Sitting in a tree minding my business
The only stress I feel with a rod and reel or gun in my hand these days is what law might I be breaking and will I get accosted any minute for who knows what?
I can’t keep up with the rules and regulations and not sure there is a central authority to go to for 100 percent up-to-date data. Ever purchased one of those fishing law books only to find it’s outdated before summer is over? Who can remember all that crap?
On top of that you better be dang sure the map you have of the state and/or federal property you’re hunting on is accurate as well. Doesn’t matter if you picked it up at the local ranger station either, it’s not their problem if the map isn’t accurate, it’s yours.
Here is an excellent example; many years ago I was hunting in a state management area.
It bordered a federal wildlife refuge. Naturally I thought the best place to head was as close to the wildlife refuge as I could while staying on the state side. With my trusty map I navigate to the fire break that divides the two and walked along the side (on the state side) ’till I found the perfect spot. I sunk back into the state side about 15 yards and climbed a tree with my ole man tree stand. Life was good, very good, I was alone and not bothering a soul. Me in God’s creation with my bright orange vest on.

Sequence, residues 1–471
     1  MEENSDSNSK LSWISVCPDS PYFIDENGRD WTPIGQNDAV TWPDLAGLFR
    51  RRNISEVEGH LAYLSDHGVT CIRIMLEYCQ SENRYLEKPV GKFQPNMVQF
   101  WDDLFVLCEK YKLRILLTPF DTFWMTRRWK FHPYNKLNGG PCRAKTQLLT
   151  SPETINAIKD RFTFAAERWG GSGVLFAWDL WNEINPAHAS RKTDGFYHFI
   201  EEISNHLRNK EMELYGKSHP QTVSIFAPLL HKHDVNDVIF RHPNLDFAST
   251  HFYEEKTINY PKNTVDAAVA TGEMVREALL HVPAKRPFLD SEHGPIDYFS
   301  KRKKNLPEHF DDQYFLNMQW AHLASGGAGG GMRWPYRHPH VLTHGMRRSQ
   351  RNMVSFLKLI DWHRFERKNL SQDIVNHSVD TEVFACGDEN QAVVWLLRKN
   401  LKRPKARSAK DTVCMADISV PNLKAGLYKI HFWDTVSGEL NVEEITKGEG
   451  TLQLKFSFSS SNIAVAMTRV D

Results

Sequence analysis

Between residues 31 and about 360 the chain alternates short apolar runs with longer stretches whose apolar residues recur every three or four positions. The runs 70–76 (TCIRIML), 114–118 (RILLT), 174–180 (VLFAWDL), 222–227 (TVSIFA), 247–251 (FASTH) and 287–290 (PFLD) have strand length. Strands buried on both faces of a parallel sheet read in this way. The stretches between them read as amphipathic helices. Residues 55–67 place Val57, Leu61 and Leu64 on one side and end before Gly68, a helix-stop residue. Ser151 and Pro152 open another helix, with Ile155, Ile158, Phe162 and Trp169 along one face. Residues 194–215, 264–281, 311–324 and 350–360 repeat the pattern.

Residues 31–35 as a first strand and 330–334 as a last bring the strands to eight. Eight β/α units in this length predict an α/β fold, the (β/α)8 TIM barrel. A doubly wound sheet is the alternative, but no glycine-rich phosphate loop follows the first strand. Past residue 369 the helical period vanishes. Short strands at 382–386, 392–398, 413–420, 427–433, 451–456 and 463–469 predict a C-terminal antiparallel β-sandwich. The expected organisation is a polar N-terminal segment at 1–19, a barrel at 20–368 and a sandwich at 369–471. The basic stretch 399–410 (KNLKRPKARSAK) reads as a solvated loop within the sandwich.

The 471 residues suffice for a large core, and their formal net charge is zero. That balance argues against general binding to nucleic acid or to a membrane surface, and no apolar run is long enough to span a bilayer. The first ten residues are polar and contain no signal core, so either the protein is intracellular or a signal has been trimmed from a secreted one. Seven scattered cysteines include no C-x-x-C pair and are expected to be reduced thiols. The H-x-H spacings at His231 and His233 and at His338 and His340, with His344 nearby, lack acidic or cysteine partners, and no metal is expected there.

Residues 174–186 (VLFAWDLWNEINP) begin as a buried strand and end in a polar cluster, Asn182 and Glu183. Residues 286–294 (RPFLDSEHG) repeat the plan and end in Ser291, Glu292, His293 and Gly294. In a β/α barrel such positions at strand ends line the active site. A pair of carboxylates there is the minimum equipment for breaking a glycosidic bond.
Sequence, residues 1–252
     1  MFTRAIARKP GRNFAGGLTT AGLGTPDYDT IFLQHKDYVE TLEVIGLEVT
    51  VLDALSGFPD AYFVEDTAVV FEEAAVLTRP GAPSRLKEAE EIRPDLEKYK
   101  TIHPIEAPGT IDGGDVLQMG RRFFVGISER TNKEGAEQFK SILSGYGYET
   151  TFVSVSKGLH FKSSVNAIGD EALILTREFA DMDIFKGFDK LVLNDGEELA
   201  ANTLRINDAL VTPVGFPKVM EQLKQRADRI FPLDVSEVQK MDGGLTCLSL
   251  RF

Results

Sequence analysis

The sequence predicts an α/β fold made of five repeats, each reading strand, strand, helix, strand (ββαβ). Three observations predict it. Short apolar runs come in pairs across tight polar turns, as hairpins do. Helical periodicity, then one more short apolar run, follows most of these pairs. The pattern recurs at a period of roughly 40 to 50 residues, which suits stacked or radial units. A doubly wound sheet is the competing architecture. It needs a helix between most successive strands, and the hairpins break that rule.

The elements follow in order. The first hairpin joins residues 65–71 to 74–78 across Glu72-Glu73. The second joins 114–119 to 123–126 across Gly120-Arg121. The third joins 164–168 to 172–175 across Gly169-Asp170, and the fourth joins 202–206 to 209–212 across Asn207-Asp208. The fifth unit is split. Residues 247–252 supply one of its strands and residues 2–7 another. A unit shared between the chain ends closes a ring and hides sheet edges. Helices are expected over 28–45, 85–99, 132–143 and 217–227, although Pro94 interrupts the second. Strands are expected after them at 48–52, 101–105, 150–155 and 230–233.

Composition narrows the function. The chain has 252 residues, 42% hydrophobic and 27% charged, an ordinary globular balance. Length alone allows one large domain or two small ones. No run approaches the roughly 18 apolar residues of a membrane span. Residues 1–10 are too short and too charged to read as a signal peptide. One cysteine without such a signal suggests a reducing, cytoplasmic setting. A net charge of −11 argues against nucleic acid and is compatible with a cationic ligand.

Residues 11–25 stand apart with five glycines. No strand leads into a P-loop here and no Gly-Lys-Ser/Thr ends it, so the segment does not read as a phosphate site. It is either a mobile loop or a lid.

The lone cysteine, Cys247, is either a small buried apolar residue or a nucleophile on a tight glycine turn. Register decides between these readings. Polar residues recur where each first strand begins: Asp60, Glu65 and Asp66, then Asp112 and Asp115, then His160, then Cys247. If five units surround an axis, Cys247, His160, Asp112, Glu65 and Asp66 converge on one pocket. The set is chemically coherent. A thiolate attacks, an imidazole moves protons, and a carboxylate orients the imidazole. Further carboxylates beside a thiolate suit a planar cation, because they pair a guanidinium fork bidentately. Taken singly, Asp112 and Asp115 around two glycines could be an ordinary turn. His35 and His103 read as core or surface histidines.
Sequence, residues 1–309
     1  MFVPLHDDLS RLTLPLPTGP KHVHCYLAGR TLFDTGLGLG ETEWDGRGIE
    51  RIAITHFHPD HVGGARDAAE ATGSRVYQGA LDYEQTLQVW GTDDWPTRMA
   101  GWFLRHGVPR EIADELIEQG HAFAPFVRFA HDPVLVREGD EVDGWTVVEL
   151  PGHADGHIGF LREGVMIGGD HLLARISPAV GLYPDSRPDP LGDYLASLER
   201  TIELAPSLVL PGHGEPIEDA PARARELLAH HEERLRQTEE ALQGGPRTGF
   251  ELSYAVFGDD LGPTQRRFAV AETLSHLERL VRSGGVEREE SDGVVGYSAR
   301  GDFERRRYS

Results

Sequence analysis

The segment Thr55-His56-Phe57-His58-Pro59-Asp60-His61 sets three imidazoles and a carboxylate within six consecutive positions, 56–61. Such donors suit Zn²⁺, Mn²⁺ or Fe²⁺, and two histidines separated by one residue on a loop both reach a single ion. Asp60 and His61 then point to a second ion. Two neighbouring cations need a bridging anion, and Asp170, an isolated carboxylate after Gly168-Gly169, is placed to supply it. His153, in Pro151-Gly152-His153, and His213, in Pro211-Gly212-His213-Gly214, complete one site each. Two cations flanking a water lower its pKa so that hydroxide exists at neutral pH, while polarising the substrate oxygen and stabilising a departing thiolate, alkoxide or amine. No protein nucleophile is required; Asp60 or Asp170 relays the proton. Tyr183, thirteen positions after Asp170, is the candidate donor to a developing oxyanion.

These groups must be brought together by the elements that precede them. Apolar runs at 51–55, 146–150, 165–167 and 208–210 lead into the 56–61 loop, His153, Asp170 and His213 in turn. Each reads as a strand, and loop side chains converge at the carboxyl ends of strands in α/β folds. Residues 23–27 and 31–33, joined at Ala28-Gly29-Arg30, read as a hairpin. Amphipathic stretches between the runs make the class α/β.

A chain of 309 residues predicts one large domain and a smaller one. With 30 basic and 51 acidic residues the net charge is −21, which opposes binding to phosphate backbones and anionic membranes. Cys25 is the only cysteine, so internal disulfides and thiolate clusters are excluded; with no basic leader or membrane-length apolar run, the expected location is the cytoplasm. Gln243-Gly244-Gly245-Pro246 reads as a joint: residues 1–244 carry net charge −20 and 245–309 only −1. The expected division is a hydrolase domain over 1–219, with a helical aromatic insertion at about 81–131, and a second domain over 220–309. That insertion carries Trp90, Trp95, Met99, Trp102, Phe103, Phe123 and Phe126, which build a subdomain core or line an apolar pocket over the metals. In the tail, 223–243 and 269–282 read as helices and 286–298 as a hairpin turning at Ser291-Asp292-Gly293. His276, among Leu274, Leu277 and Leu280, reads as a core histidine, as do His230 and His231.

After sitting there for about 30 minutes a loud voice broke the silence, “freeze, federal officer drop your weapon.” I was a bit stunned, this has to be a mistake, I mean he couldn’t be yelling at me, but who the heck else could he be yelling at? I looked in the direction of the voice and about 30 yards away I could see a figure behind a tree with what looked like a pistol pointed at me. I was with 4 other folks and thought one of them might be having a bit of sport with me. My reply was an ingenious quick witted “what.” The voice repeated itself much more forceful this time.
So I quickly assessed the situation. I really didn’t want to “drop my weapon” from 18-feet up a tree with a round in the chamber, but I didn’t want to get shot either. So I calmly expressed my concern to which I was instructed to remove the round, shoulder my weapon and climb down. It sounds strange, but I was a bit excited to find out what was going on. I thought someone must be on the lamb in the area or something.
Well that wasn’t it, I was advised that I was trespassing on federal property. Not to get off
on a tangent, but who owns federal property anyway? Perhaps my taxes contributed to some degree? I pleaded my case, I said that I was on state property and pointed to the fire break and the sign on the other side that read Federal Wildlife Refuge. He sternly said that I was way inside the refuge. He knew it was confusing, but that the fire break went around the cypress head I was in that cut into the refuge.
So I was escorted out and given a civil infraction for federal trespassing. What really hurt was the $500 dollar fine that went with it.
I’ve often thought how bad that whole deal could have gone. What if I had been hard of
hearing and looked down to see someone with a pistol pointed at me?
So, this event may play a major role in my current paranoia. One thing it has taught me is avoid the man all cost. Don’t walk where your boot prints can be followed, take off the orange vest when you get in the tree. Walk into the woods if you’re fishing and you see the game warden coming.
Also, I would be very interested in learning how not to be detected by those new thermal night vision systems they have now. Would some sort of insulation work?
What do y’all think? Anything similar ever happen to you? Look back at the top of this post and leave a comment on Sitting in a tree post.